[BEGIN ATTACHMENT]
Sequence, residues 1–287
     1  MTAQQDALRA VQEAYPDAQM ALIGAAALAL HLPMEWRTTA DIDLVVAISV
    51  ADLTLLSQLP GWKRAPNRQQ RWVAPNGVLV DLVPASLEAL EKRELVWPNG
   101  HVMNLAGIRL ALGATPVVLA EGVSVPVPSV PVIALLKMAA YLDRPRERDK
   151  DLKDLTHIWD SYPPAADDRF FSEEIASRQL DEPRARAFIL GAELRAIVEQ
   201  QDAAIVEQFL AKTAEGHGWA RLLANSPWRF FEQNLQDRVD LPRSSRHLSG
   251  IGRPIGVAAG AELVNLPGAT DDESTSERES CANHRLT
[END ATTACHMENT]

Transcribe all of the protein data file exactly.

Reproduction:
Sequence, residues 1–287
     1  MTAQQDALRA VQEAYPDAQM ALIGAAALAL HLPMEWRTTA DIDLVVAISV
    51  ADLTLLSQLP GWKRAPNRQQ RWVAPNGVLV DLVPASLEAL EKRELVWPNG
   101  HVMNLAGIRL ALGATPVVLA EGVSVPVPSV PVIALLKMAA YLDRPRERDK
   151  DLKDLTHIWD SYPPAADDRF FSEEIASRQL DEPRARAFIL GAELRAIVEQ
   201  QDAAIVEQFL AKTAEGHGWA RLLANSPWRF FEQNLQDRVD LPRSSRHLSG
   251  IGRPIGVAAG AELVNLPGAT DDESTSERES CANHRLT